Think, too, about what you might be missing if you abandon that current editing software you're now using. Aren't there a few endearing features that you'll wish you had after you jump ship? For example, I like Sony Vegas's way of letting me zoom in and out of the timeline with the mouse wheel (Adobe Premiere Pro lets me do that, too, but I have to hold the Alt key). I like the way Premiere Pro lets me output the work area to DVD without any muss or fuss, so I can dash off a review copy without much effort. I like the way Pinnacle Liquid Edition uses the graphics chip and the host processor to speed up real time response. I like the way NewTek's VT can run circles around everything else when it comes to standard definition live production. I like the way Avid handles 24p footage. As these examples show, it's endearing and highly useful features like these that you might miss if you do dismiss your old software for that greener grass on the other side.
Or heck, maybe one of those examples I just gave you got you to thinking about switching. Well, if you do want to switch, there are compelling reasons for that, too, depending on your circumstances. For example, if you're a freelancer, you're probably already aware that the majority of available work for editors involves the Avid NLE interface in one way or another. You might also realize that being conversant, and preferably proficient on Final Cut Pro is another must. But then if you're working at a production house that uses solely After Effects, you might not want to go messing around with Combustion unless you're glancing over at different compositing shop out of the corner of your eye. And by the way, if you're using an entry-level editing software package like iMovie or Windows Movie Maker (now that couldn't be you, dear reader), and you are finding yourself in increasingly professional circumstances, I'd say upgrade now before you get too entrenched in that tinker toy you're using.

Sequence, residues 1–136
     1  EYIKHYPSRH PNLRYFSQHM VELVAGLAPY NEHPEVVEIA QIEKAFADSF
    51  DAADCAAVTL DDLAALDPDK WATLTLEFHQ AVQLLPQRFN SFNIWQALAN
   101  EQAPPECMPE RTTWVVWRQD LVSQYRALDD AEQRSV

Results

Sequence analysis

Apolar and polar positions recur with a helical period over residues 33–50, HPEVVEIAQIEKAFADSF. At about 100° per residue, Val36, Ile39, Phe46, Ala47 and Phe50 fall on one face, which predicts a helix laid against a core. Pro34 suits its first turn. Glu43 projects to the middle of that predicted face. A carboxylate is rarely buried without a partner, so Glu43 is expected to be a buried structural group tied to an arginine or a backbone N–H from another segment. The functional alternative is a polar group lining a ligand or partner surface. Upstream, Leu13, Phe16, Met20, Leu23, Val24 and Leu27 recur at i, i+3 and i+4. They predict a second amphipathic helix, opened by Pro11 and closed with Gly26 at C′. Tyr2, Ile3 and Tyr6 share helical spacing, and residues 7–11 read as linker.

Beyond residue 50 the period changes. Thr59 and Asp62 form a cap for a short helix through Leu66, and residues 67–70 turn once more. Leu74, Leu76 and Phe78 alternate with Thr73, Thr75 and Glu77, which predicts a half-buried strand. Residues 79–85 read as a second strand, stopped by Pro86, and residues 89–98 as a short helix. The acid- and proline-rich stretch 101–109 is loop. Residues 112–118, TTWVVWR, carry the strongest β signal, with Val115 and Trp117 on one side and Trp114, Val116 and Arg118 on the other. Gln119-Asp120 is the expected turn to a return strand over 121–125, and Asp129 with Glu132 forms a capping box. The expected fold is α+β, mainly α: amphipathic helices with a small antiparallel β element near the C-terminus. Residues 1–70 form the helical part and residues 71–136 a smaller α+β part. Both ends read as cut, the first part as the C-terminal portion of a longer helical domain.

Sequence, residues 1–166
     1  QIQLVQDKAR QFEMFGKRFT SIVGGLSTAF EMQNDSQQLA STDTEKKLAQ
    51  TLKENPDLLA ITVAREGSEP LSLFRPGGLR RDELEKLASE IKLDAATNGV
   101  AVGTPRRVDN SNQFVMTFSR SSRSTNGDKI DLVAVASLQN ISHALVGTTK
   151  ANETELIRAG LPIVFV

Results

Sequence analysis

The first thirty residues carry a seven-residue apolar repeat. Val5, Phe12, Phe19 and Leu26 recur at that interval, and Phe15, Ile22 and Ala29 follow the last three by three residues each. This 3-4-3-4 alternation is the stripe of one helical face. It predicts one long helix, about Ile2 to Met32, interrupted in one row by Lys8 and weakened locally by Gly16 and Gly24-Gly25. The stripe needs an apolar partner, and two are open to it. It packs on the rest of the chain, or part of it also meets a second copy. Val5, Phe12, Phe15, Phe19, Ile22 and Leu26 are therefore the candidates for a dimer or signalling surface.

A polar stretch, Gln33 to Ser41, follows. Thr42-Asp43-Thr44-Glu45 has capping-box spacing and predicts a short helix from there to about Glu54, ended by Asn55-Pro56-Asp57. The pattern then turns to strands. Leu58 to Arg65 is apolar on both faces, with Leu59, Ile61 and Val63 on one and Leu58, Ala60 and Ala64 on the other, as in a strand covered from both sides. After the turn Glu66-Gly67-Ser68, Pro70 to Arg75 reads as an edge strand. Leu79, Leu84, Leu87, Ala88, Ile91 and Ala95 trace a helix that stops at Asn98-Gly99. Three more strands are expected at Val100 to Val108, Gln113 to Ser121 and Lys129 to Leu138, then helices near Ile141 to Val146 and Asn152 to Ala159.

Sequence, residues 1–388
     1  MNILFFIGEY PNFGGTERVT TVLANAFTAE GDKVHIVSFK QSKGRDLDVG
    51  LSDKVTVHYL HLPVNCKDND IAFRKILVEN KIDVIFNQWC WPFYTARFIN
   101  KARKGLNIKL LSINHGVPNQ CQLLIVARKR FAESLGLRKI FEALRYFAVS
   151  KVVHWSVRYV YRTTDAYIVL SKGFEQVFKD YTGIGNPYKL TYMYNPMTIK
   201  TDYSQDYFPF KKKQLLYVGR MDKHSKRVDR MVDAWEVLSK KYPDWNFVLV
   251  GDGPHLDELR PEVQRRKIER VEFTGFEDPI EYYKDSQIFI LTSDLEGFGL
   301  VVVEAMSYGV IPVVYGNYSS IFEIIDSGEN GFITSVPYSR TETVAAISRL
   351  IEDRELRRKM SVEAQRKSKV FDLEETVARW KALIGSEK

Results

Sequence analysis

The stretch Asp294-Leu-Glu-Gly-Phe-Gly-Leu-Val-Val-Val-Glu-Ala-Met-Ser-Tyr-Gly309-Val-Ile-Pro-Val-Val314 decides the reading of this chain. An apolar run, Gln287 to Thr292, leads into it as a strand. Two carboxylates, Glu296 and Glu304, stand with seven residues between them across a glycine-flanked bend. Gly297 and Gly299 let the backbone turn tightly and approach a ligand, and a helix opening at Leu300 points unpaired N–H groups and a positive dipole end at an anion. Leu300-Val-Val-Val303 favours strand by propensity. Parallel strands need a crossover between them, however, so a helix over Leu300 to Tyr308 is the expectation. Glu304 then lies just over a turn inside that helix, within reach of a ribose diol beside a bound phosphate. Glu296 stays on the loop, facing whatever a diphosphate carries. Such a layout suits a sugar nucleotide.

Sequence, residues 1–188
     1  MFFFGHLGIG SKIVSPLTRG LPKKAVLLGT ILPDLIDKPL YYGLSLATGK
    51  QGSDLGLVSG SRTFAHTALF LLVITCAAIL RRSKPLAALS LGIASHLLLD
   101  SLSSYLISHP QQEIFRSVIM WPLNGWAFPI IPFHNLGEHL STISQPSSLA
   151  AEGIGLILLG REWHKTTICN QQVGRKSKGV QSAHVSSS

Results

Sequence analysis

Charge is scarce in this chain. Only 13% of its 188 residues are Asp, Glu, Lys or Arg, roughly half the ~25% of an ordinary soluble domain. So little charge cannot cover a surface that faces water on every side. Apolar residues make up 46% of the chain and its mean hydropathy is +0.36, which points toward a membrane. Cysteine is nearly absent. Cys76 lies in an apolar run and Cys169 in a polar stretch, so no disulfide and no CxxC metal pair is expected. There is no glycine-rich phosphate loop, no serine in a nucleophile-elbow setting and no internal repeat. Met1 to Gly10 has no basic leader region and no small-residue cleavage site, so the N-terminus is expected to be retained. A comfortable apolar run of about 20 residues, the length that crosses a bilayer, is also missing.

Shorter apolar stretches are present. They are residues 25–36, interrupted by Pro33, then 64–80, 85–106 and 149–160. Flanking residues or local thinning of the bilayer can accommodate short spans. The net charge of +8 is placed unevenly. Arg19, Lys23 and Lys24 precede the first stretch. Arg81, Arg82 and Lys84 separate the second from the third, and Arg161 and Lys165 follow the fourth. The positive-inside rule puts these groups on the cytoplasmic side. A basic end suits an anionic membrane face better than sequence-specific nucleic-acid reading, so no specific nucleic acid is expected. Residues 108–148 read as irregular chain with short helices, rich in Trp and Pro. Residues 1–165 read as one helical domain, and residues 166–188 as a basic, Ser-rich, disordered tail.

So take stock in what you have, and where you've been. (Haven't been anywhere yet? Two words: Learn Avid). Think about what you had to do to get there. All that time and effort was probably costly. Are you able to do everything you need to do with that kit you're using now? Then stay where you are. At the same time, keep your eyes open to the possibilities. This stay/go equation is something that you encounter in most walks of life, but it's especially pronounced when it comes to the fast-moving world of digital content creation technology. It's a decision only you can make for yourself.